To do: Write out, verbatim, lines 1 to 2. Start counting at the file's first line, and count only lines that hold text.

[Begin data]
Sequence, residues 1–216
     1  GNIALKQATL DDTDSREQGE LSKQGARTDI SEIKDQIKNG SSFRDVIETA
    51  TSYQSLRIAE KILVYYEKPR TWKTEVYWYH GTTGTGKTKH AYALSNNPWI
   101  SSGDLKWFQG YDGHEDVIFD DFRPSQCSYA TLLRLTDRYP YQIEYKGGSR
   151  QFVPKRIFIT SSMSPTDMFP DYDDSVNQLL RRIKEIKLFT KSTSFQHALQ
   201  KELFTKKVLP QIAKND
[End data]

Sequence, residues 1–216
     1  GNIALKQATL DDTDSREQGE LSKQGARTDI SEIKDQIKNG SSFRDVIETA